How to Write Code Using The Spark Dataframe API: A Focus on Composability And Testing

I was recently thinking about how we should write Spark code using the Dataframe API. It turns out that there are a lot of different choices you can make and, sometimes, innocuous looking ones can bite you in the long run.

The Question Before The Question: DataFrame API Or Spark SQL?

(TL;DR: Use the DataFrame API!)

Before beginning: I assume you created the Spark context as spark and that you have a dataframe called df.

The first point to consider is that you can write code using the Dataframe API like this1:

df = ...  # IO here
df_my_column = df.select("my_column") 

Or using Spark SQL, like this

df_my_column = spark.sql("SELECT my_column FROM input")

The are advantages and disadvantages with both methods.

The Spark SQL method is very familiar to all analysts and people fluent in SQL. As a drawback, even though it returns a dataframe, it needs every dataframe to be registered as a temporary view before allowing it to be queried:

df = source_df.select('a_column')
try:
    spark.sql("select mean(a_column) from df")
except:  # a py4j exception is raised here
    print("It can't find df")

df.createOrReplaceTempView("df")
spark.sql("select mean(a_column) from df")  # now it works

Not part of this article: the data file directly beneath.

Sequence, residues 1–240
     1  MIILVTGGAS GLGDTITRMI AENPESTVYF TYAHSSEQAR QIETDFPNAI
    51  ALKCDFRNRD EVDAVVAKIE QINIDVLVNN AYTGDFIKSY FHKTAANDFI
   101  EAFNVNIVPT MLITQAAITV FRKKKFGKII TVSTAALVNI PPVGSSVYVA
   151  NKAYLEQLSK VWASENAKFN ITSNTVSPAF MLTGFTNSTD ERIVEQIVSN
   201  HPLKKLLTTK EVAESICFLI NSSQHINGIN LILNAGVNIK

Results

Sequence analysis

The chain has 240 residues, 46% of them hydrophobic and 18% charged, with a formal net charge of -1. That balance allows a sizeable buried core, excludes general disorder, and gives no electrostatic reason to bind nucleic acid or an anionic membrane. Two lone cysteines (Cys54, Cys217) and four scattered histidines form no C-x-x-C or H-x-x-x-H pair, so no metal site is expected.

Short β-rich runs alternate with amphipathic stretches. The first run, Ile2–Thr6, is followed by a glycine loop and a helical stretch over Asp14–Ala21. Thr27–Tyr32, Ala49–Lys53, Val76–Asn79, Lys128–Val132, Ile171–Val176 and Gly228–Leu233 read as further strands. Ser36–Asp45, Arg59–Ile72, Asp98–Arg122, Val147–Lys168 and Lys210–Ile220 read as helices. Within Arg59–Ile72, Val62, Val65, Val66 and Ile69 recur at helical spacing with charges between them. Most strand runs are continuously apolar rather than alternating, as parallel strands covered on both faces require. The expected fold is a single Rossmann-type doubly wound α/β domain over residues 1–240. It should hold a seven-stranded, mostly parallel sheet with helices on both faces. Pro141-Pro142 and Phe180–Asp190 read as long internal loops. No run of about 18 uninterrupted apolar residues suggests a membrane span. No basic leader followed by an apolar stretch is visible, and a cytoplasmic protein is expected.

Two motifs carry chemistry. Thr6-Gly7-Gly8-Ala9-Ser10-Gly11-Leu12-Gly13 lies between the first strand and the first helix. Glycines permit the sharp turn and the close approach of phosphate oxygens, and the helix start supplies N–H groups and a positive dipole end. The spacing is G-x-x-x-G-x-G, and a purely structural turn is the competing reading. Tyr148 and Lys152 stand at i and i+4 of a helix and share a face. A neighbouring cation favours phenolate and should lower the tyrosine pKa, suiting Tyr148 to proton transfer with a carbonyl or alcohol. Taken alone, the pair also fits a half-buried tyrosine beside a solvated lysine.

The Dataframe API is much more concise:

import pyspark.sql.functions as sf

df = source_df.select('a_column')
df.select(sf.mean('a_column'))

On the other hand, it can get quite involved and "scary" 

from pyspark.sql import Window
d_types = ...
c_types = ...
df.withColumn('type',
              sf.when(sf.sum(sf.col('vehicle').isin(d_types).cast('Int'))
                        .over(Window.partitionBy('id')) > 0, 'd_type')
                .when(sf.col('vehicle').isin(c_types), 'c_type')
                .otherwise('other_type')))

(In all fairness, writing the above bit in SQL would also be quite daunting.)

But for me the real advantage comes from composing and dealing with objects in a more abstract way. The above snippet of code should, ideally, be a function:

def my_function(df, d_types, c_types):
    return df.withColumn('type',
                         sf.when(sf.sum(sf.col('vehicle').isin(d_types).cast('Int'))
                                   .over(Window.partitionBy('id')) > 0, 'd_type')
                           .when(sf.col('vehicle').isin(c_types), 'c_type')
                           .otherwise('other_type')))

If I were to rewrite that in Spark SQL, I'd have to do the following

def my_function(df, d_types, c_types):
    # do something with d_types and c_types to be able to pass them to SQL
    table_name = 'find_a_unique_table_name_not_to_clash_with_other'
    df.createOrReplaceTempView(table_name)
    return spark.sql("""
                        YOUR SQL HERE WITH %s AND MORE %s's TO INSERT c_types, d_types AND table_name
                     """ % (c_types, d_types, table_name)) 

The above function is mixing IO (the createOrReplaceTempView) with logic (the SQL execution). As a cherry on top of that, it's doing string interpolation, which is bad (like really really bad!).

Disentangling would mean rewrite them like so

def register_df_as_table(df):
    table_name = .... # generate some random unique name here
    df.createOrReplaceTempView(table_name)